The Queen's Own Rifles of Canada

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The Queen's Own Rifles of Canada
QOR badge.jpg
Cap Badge of The Queen's Own Rifles of Canada
Active April 26, 1860 – Present
Country Canada Canada
Branch Canadian Army
Type Light Infantry
Airborne
Role To close with and destroy the enemy
Size One battalion
Part of 32 Canadian Brigade Group
4th Canadian Division
Garrison/HQ Downtown Toronto (HQ)/Scarborough
Motto In Pace Paratus (In Peace Prepared)
March Quick: The Buffs / The Maple Leaf Forever
Double Past: Money Musk
Anniversaries 150th Anniversary on April 26, 2010
Engagements See Battle honours
Commanders
Colonel-in-Chief HRH the Duchess of Cornwall
Abbreviation QOR of C

The Queen's Own Rifles of Canada is a Primary Reserve regiment of the Canadian Armed Forces, based in Toronto, Ontario. The regiment is part of 4th Canadian Division's 32 Canadian Brigade Group. It is the only reserve regiment in Canada to currently have a parachute role. The regiment consists of the reserve battalion, the Regimental Association,[1] and the Regimental Band and Bugles.[2] The official abbreviation is The QOR of C, but the name is often abbreviated to QOR.

The Queen's Own Rifles of Canada parade out of Moss Park Armoury in downtown Toronto and Dalton Armoury in Scarborough. The unit motto is In Pace Paratus—In Peace Prepared.

Regimental structure[edit]

The Reserve Battalion is made up of the following companies:

  • Battalion Headquarters & Signals
  • 60th Company (Moss Park Armoury)
  • Buffs Company (Dalton Armoury)
  • Victoria Company (Combat Support/Combat Service Support)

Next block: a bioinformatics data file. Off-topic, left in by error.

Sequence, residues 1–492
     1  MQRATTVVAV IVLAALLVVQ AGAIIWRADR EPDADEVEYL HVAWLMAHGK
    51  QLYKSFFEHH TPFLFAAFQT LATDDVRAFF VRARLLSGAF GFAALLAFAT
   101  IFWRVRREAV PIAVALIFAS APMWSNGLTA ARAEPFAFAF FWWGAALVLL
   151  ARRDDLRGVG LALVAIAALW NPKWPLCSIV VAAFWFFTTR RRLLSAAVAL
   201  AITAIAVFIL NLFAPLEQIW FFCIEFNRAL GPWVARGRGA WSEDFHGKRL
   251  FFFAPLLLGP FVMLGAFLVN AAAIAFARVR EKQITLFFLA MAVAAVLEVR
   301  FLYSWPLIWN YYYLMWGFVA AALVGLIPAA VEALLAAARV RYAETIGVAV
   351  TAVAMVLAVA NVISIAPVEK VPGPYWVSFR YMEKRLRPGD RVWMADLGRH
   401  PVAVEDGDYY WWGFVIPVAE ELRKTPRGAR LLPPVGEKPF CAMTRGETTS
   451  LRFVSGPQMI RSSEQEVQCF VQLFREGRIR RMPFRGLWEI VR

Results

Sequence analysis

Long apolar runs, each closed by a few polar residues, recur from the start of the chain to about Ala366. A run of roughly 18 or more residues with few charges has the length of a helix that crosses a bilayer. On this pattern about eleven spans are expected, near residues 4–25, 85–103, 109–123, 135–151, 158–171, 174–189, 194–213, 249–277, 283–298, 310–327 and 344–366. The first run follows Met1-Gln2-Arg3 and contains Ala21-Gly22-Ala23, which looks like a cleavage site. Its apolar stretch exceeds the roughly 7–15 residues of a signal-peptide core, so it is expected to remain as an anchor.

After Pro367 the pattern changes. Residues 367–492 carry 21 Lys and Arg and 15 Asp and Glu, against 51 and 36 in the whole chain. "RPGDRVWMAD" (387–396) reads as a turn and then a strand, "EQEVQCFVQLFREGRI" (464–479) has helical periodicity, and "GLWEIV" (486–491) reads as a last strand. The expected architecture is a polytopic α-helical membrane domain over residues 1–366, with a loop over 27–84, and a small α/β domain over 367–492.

• Para Company
  • Normandy Company (Training Depot/ Battle School Staff)

Role[edit]

The Queen's Own Rifles of Canada are the only Primary Reserve unit in Canada with a parachute tasking.[3] The unit has qualified Parachute Instructors, Drop Zone/Landing Zone Controllers and Jumpmasters. Members also take courses in helicopter operations, aerial delivery, and as Recce and Advanced Mountain Operations Instructors. Members of The QOR have also been sent on the Patrol Pathfinder Course. Qualified personnel in jump positions are allowed the honour of wearing the maroon beret. Trained soldiers are addressed as Riflemen.

The Queen's Own Rifles have a long standing support role with the Canadian Army Advanced Warfare Centre, where QOR parachute instructors and other personnel on staff instruct on and support parachuting courses. The unit currently supplies a Company(-) of paratroopers to the 3 RCR Parachute Company when required.

The Battalion deploys by parachute on numerous Field Training Exercises during the year and during Divisional exercises during the summer.

The Canadian Forces SkyHawks Parachute Demonstration Team has also had support from The Queen's Own Rifles of Canada, with several members joining the elite demonstration team.

History[edit]

Queen's Own Rifles on parade in a Toronto drill hall, 1910

The 2nd Battalion, Volunteer Militia Rifles of Canada was formed on April 26, 1860, predating the Confederation of Canada. Its first commanding officer was Lieutenant Colonel William Smith Durie.[4]

During the Trent Affair of 1862, William Mulock asked John McCaul, the head of University College (part of the University of Toronto), to call a student meeting that led to the formation of the University Rifle Company of volunteers, 9 Company of The Queen's Own Rifles of Toronto, later K Company of The Queen's Own Rifles of Canada.

It was re-designated as the Second Battalion Volunteer Militia Rifles of Canada or Queen's Own Rifles of Toronto on 18 March 1863.

The Fenian Raids[edit]

The Queen's Own Rifles of Toronto were called out on active service from 8 to 31 March and from 1 to 22 June 1866. The battalion fought on the Niagara frontier.[5] The Queen's Own Rifles first saw combat and sustained nine killed in action during the Battle of Ridgeway in 1866, where they and the 13th Volunteer Infantry Battalion (The Royal Hamilton Light Infantry) fell back when charged by a massive force of better armed and highly experienced Fenian insurgents composed of recent Irish American Civil War veterans.